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Rising interest rates: what it could cost you and what to do about it

What goes up must come down—until it eventually goes back up again.

Yes, we’re talking about interest rates.

As for the impact rising rates could have when it comes to the debt you carry—well, if you have a fixed-rate mortgage that was locked in prior to 2022, you can sit back relax for now (at least until it’s time to renew).

However, if you have a variable-rate mortgage, you’ve probably already begun to feel the pinch.

That’s because the interest levels on these types of mortgages fluctuate in relation to the Bank of Canada (BoC) overnight rate. And the scope of the financial impact of every BoC rate increase will depend on the type of variable-rate mortgage that you may hold.

For example, if you have an adjustable-rate mortgage, rate hikes will cause the entire mortgage payment to increase. While this translates to dishing out a higher amount in interest each month, the principal (the amount that goes towards repaying the loan) actually remains the same.

On the other hand, if you have a standard variable-rate mortgage, you are making fixed payments that are consistent on a month-to-month basis. The amount (of those payments) that goes towards the principal then fluctuates depending on the BoC overnight rate. As those rates continue to inch higher, it’s possible to reach what is called a ‘trigger rate’. This is the point at which the interest on a standard variable-rate mortgage has increased so much that your regular payments are not enough to cover all the interest that is owed.

Looking ahead, the Bank of Canada estimates that mortgage costs could rise by 30% over the next 5 years.

That estimate takes into consideration new Canadian homeowners who purchased their home in the last year or two (and will be renewing their mortgage within the next 5 years). Yet regardless of the type of mortgage you have or how long you’ve had that mortgage for, one thing is for certain—rising interest rates impact everybody.

With that in mind, how can you go about minimizing the impact of rising rates when it comes to your monthly budget?

For starters, it could mean having to downsize some of your regular spending habits (such as eating out and other non-essential purchases) and postponing any bigger plans you may have had coming up (e.g., spring break/summer travel or new car purchase).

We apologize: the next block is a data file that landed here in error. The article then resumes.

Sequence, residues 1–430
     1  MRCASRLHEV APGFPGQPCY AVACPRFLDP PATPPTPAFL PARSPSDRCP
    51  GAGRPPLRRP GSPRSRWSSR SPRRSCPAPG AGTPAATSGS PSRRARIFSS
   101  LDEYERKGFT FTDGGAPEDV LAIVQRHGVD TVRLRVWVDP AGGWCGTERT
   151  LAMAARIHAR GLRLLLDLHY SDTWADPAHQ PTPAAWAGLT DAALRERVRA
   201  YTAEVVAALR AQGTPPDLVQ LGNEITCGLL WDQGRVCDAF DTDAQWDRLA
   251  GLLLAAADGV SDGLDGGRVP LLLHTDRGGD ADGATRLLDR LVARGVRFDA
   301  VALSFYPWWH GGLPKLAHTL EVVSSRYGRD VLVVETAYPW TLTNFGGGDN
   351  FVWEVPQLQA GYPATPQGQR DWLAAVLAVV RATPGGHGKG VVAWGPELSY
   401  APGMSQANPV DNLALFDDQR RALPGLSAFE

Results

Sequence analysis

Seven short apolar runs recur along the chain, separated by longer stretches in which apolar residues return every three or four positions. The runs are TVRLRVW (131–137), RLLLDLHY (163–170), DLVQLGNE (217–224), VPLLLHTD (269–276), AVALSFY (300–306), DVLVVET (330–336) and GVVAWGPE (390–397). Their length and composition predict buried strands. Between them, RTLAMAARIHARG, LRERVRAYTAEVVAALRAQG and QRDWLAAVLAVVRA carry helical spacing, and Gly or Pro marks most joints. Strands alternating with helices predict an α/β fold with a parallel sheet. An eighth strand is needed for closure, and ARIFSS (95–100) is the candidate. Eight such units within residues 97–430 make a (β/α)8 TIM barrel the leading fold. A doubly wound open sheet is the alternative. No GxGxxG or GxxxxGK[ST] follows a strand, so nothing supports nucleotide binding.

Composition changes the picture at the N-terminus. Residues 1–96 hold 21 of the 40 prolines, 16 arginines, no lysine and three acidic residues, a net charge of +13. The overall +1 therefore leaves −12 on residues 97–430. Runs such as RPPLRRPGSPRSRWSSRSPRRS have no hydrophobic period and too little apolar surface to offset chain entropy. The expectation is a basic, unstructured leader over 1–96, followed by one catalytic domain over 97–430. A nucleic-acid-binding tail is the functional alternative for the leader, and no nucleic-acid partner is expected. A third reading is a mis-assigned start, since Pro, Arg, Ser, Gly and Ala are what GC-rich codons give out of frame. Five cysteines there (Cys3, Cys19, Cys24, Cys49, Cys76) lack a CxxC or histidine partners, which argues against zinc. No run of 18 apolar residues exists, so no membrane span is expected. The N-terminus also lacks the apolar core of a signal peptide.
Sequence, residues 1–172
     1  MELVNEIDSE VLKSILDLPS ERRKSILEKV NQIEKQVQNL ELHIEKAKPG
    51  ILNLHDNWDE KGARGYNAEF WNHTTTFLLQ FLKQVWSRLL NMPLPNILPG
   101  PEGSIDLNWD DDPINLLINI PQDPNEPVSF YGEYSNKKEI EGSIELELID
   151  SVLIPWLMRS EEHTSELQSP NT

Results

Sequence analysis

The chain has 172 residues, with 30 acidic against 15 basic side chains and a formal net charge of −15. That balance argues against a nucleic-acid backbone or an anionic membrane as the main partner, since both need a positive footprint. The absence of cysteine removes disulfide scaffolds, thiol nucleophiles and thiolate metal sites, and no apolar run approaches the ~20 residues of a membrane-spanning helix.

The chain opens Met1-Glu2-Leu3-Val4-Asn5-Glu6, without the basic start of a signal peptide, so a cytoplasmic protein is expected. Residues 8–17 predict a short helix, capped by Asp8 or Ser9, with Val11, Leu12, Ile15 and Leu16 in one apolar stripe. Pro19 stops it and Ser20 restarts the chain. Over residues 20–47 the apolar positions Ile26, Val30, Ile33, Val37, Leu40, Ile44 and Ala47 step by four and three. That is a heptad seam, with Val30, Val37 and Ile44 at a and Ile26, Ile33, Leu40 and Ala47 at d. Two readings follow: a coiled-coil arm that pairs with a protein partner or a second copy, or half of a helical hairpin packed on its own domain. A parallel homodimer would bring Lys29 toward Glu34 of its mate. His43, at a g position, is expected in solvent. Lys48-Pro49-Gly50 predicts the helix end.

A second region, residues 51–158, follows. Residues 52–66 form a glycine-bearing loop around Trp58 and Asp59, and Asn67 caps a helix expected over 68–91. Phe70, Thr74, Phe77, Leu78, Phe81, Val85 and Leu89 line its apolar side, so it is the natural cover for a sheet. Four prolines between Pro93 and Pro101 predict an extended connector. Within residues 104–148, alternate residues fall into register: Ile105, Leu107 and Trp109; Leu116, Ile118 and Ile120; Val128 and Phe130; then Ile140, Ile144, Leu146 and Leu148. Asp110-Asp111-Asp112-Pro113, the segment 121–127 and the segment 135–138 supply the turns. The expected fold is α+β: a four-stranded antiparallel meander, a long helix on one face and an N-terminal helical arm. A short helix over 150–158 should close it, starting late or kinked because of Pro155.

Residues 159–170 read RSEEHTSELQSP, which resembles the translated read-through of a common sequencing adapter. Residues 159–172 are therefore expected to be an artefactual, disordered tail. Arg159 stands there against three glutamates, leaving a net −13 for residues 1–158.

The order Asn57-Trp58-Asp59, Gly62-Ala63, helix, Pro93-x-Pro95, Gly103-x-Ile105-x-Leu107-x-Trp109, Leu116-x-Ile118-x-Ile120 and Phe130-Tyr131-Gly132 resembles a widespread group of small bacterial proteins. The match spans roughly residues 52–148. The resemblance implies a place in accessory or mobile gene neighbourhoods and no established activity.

Looking to free up cash flow so you can start paying off debt sooner? Here are 5 tips for saving up to $500 a month.

In the event that you happen to have a bit of surplus cash flow each month, consider putting more money toward you debt or increasing the frequency of your mortgage payments.

After all, besides interest rate, the biggest detriment to any debt repayment is time.

The longer it takes to pay off, the more that debt will cost you.

To get time working more favourably on your side, consider switching your mortgage payments from monthly to accelerated weekly or bi-weekly, which can severely cut down your amortization period and save you loads of money in interest over the duration.

The same goes for credit cards and loans. Making payments twice a month (versus just once) will mean you’re putting even more money towards paying down the principal.

Here are 3 simple strategies to pay your mortgage off 5 years faster.

Another course of action is to consolidate multiple high-interest debts into a mortgage or secured line of credit.

If you’re making multiple debt repayments each month, all at varying interest rates, you’re stretching your finances unnecessarily. A mortgage or secured line of credit can streamline all that debt into one manageable monthly payment, freeing up cash flow and saving you money in the long run. Something you’ll appreciate, particularly should interest rates continue to rise.

Learn more about our borrowing options, exclusively for education members.

Do you have a mortgage renewal coming up? Be sure to seek out advice and avoid waiting until the last minute.

Because depending on how your life has changed over the past few years, there could be a lot more to consider about your mortgage than just the (rising) rate of interest. Reviewing your mortgage renewal early will give you the added advantage of time to properly re-evaluate your existing mortgage to see if it’s still right for you. Also, don’t be afraid to shop around and compare your options before renewing with your current mortgage provider.

Tip: The higher your credit rating, the better your bargaining power will be during your rate search and negotiations. So, be sure to always make at least the minimum payment by the due date on all monthly bills to keep your rating in good standing.

Click here for more tips on how to build and maintain your credit rating.

If the thought of rising rates has you feeling anxious, sit down with one of our mortgage agents and get an educator-specific opinion.

Whether you’re shopping around for your first mortgage, about to renew an existing mortgage, or want to consolidate multiple high-interest credit cards and loans to free up monthly cash flow—reach out to Educators Financial Group. No matter where you are on the pay grid, or what your pension income is in retirement—we can offer you the lending solution that fits your needs and provides you with peace of mind.

Have one of our mortgage agents contact you.


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